Although the triaxial system has an advantage over the conventional coaxial system when using liquid embolic agents such as NBCA and Onyx. Given the smaller inner diameter of the smaller microcatheter, there are limitations to the size of particulate embolic agents such as PVA particles, microspheres, beads, and coils that can be deployed. The system can accommodate particles smaller than < 300 μm, smaller gelatin sponge particles, and 0.014-inch microcoils. Larger particulate embolic agents may result in the occlusion of the microcatheter. Therefore, the recommended size of embolic agents must be available in the inventory before using the triaxial system.

Another drawback would be the higher cost due to an additional microcatheter’s usage, adding approximately 200 USD more locally. Nevertheless, when faced with challenging vascular anatomy with an extended access route, the triaxial system could prove to be advantageous. We also believe the additional cost is justified, as it shortens the procedure time, which translates to lesser radiation exposure and possibly lower risk of more adverse events.


The triaxial system appears to be a valuable system that can be utilised for a myriad of conditions, mainly when complex embolisation procedures are performed. Nevertheless, additional studies with a larger cohort are required to further substantiate this technique's usefulness.

Availability of data and materials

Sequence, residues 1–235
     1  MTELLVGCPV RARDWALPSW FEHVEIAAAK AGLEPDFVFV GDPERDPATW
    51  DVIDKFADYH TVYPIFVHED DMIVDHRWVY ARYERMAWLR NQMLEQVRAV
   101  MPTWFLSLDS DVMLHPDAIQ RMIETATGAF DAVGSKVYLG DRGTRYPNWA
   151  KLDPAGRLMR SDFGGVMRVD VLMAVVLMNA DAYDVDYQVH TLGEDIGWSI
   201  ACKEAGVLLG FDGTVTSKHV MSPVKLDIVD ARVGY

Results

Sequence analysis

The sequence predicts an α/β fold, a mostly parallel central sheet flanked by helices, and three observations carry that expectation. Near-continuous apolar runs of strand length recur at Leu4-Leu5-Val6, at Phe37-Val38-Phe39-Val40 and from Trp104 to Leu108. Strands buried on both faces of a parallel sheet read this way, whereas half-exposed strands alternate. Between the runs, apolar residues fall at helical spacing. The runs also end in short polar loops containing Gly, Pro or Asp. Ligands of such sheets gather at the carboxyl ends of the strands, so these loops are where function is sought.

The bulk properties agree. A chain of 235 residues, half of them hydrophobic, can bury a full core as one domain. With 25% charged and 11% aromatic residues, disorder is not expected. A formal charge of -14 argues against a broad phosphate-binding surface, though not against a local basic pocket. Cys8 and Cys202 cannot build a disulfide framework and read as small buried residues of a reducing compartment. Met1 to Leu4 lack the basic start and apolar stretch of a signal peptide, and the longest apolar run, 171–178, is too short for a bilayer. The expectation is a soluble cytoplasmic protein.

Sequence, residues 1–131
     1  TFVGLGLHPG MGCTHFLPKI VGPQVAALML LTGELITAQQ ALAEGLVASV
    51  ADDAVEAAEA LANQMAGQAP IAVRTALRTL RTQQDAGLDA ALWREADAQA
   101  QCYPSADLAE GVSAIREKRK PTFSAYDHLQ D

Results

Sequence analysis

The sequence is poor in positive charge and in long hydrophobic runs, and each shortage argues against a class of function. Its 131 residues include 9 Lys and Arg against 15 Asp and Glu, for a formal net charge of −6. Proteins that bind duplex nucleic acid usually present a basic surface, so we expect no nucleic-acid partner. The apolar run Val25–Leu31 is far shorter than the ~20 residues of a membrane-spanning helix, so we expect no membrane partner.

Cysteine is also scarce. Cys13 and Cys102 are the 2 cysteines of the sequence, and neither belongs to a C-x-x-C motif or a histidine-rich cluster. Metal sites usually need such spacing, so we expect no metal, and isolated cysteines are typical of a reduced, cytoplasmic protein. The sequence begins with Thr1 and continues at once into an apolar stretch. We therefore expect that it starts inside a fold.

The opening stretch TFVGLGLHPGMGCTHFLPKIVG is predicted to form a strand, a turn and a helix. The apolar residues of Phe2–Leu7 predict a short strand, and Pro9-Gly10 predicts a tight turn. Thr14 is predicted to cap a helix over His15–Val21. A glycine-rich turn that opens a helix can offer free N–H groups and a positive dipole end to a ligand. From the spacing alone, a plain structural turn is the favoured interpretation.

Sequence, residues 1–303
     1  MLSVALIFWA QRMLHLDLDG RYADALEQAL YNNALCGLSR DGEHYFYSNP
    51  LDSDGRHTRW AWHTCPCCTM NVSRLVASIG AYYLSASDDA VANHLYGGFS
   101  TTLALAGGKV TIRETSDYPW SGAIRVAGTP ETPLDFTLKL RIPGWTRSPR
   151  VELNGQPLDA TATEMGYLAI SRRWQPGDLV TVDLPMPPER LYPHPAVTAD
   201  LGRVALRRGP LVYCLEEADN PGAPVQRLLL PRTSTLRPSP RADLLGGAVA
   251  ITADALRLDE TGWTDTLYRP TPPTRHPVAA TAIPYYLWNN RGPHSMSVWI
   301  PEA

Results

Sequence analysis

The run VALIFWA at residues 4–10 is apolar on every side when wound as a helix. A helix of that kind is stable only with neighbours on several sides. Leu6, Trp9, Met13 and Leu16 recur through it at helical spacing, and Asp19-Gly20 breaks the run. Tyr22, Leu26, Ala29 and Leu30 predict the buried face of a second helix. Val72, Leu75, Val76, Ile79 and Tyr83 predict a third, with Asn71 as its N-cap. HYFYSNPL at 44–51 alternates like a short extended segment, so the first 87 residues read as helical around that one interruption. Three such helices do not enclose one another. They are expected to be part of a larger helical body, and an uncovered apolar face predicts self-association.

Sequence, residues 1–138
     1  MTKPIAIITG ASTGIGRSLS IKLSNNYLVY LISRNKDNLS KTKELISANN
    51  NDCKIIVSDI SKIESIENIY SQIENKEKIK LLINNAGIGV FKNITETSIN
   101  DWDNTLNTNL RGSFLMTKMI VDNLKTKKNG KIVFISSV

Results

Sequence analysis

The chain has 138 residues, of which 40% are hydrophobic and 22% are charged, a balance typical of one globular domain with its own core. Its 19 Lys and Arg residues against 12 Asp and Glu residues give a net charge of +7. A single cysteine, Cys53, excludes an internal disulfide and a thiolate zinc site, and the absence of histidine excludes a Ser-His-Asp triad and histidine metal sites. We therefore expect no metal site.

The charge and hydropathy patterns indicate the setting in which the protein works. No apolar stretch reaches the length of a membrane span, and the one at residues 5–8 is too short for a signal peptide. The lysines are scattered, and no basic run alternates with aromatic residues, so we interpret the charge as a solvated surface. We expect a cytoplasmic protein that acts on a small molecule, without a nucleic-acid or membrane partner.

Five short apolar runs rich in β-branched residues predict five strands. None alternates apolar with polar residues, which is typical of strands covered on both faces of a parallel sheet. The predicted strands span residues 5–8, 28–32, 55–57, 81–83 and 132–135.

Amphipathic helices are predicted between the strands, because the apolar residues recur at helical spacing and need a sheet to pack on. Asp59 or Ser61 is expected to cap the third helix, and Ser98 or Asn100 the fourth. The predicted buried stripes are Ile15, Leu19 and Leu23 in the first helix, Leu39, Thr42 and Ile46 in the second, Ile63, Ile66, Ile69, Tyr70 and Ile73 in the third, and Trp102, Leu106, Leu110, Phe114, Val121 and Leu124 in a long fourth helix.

Data and material used in this manuscript can be made available on request.



Barcelona Clinic Liver Cancer


Benign prostatic hyperplasia


Bronchial artery embolisation


Digital subtraction angiography




Endovascular Aneurysm Repair


Ethylene–vinyl alcohol


Hepatocellular carcinoma

NBCA glue:

N-butyl cyanoacrylate


Polyvinyl alcohol


Prostate artery embolisation


Right inferior phrenic artery


Thoracic endovascular aortic repair


Transarterial chemoembolisation


Transarterial radioembolisation




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All authors were involved in the drafting of the manuscript and performing at least one of the cases shown in this series. The author(s) read and approved the final manuscript. 

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Correspondence to Zehao Tan.

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Tashi , S., Tan, Z. & Gogna, A. Use of the triple coaxial (triaxial) microcatheter system in superselective arterial embolisation for complex interventional cases: an initial experience with the system. CVIR Endovasc 5, 67 (2022).

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  • Coaxial
  • Embolisation
  • Superselective
  • Triaxial